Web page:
Journal of South American Earth Sciences ( IF 1.704 ) Pub Date : 2020-02-11 , DOI: 10.1016/j.jsames.2020.102520 Maiten A. Lafuente Diaz, José A. D'Angelo, Georgina M. Del Fueyo, Martín A. Carrizo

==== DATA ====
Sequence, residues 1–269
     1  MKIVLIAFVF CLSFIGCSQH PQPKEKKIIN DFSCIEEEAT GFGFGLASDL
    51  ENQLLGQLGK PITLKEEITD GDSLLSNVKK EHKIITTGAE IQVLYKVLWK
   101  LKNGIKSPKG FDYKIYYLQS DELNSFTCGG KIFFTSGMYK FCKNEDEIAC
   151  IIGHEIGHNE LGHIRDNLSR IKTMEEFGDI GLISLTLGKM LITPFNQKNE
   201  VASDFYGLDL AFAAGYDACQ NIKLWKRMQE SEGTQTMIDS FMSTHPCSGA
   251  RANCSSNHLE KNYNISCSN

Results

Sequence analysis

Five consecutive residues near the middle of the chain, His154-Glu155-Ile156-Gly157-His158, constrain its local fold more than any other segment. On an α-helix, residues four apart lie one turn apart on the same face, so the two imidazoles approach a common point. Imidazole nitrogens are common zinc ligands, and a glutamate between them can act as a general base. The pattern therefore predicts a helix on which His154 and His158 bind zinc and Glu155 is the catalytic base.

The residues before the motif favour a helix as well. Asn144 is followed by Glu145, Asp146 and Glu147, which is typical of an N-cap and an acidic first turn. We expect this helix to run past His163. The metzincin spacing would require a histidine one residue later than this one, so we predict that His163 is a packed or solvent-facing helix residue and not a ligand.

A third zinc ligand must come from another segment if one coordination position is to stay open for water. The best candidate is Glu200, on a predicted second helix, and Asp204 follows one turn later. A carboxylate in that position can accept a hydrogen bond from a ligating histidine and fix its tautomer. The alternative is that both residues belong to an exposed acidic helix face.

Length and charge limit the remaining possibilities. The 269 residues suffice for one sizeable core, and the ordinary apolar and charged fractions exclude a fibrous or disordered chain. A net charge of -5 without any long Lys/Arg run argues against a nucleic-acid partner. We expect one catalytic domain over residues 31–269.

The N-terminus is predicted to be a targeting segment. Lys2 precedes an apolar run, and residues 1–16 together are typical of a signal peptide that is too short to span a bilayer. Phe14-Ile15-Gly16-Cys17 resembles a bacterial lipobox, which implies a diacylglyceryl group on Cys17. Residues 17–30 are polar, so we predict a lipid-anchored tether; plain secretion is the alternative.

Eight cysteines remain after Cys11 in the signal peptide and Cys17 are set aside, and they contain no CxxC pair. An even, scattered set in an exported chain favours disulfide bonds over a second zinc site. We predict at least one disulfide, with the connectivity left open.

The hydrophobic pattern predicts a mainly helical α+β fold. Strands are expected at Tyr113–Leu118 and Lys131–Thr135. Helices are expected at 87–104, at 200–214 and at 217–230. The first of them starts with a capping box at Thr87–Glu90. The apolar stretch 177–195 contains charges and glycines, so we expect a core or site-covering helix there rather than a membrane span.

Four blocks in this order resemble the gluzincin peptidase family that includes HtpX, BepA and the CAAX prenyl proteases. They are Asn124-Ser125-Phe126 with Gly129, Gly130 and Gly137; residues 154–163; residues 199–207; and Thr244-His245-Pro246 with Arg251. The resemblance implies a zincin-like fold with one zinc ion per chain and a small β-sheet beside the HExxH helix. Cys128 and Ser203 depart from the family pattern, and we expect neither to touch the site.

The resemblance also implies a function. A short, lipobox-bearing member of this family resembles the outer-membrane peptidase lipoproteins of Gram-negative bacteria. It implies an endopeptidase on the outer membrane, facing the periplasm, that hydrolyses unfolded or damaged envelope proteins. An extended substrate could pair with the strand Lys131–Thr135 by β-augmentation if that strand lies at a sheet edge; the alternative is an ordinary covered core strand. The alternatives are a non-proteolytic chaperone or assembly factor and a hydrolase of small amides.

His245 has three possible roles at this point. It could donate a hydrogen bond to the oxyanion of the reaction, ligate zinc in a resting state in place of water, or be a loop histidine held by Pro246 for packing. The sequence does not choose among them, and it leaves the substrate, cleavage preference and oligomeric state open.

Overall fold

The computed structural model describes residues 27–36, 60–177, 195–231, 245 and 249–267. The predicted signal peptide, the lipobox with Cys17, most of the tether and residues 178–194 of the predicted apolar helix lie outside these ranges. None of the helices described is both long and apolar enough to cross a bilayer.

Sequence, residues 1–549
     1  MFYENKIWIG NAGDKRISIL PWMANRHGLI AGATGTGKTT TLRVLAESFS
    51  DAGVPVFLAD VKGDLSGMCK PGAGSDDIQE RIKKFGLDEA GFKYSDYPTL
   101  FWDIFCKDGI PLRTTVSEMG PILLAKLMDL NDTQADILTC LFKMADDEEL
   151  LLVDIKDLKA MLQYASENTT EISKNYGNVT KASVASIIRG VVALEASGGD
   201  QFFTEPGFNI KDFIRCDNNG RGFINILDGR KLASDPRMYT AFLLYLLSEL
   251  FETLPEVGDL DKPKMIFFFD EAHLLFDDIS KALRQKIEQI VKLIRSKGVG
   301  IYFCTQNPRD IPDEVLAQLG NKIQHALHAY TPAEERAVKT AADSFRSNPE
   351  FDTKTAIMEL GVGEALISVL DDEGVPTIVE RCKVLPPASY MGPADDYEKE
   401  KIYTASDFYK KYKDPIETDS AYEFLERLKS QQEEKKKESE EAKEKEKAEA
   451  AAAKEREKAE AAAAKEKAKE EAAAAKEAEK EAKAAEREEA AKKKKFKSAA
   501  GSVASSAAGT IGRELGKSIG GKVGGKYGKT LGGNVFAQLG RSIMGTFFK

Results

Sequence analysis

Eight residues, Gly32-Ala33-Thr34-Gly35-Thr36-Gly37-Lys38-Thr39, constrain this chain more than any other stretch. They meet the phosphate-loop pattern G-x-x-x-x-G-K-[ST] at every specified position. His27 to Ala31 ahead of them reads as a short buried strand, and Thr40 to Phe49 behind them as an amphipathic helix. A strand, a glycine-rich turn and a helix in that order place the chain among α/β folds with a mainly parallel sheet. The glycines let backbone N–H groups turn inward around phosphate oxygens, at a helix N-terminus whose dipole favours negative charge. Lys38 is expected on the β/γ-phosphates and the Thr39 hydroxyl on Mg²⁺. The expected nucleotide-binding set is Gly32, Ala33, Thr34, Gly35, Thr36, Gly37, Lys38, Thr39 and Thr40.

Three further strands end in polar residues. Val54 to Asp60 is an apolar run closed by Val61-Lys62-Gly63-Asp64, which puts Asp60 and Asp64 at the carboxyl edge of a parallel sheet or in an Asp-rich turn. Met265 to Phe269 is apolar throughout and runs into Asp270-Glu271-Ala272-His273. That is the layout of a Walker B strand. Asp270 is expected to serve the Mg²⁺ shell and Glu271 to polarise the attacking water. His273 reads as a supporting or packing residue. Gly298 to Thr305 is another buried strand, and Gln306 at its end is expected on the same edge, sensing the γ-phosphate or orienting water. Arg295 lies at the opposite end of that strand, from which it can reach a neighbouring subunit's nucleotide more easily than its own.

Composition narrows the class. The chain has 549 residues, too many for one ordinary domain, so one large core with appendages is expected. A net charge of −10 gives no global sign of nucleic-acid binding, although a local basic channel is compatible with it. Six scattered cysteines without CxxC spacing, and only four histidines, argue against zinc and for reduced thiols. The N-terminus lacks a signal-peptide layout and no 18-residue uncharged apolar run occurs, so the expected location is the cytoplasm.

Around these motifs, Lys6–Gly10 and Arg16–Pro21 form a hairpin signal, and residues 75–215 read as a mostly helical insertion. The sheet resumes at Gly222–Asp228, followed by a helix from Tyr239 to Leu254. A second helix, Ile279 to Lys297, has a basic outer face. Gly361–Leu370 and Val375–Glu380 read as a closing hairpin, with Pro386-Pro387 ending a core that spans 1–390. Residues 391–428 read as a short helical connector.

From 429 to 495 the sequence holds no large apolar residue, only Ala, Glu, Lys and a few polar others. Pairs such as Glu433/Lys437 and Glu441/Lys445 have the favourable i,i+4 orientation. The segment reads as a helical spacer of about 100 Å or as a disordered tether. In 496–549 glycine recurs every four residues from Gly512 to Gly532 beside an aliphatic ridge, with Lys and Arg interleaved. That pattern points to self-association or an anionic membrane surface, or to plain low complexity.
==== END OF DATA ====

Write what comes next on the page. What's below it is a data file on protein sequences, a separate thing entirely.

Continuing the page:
Ruflorinia orlandoi (Pteridospermophyta) fronds are chemically analyzed for the first time by semi-quantitative Fourier transform infrared (FTIR) spectroscopy. This analysis allows the chemical characterization of the mesophyll and cuticle revealing the functional groups preserved in different frond parts (pinnae and rachis). The specimens collected in the Springhill Formation at the Río Correntoso locality (Lower Cretaceous, Santa Cruz province, Argentina) are compressions with very well-preserved cuticular features. The R. orlandoi remains (pinnae and rachis) are spectroscopically analyzed into two samples: compressions (Cp) and cuticles (Ct). Additionally, a third sample form from the host rock and named associated coal (V) is spectroscopically analyzed. Semi-quantitative data derived from Cp, Ct, and V spectra are evaluated by principal component analysis. The results indicate that Cp samples have a similar chemical composition whereas Ct samples show a greater variability. The latter could be related to intraspecific variability of foliar characters (e.g., trichomes and cuticular striations). Furthermore, Ct samples exhibit high contents of aromatic carbon groups suggesting a distinctive composition, likely including cutin/cutan biomacropolymers and/or phenolic compounds. Considering each specimen, the rachis shows a higher aromatic carbon content than pinnae as a consequence of the presence of more lignified tissues in the former. The V samples have the lowest relative intensity of aliphatic groups. On the other hand, the functional-group composition of R. orlandoi remains and V samples are compared with kerogen types and coal macerals showing a general chemical composition similar to type II kerogen. The latter is related to cuticles, spores, pollen grains, and resins.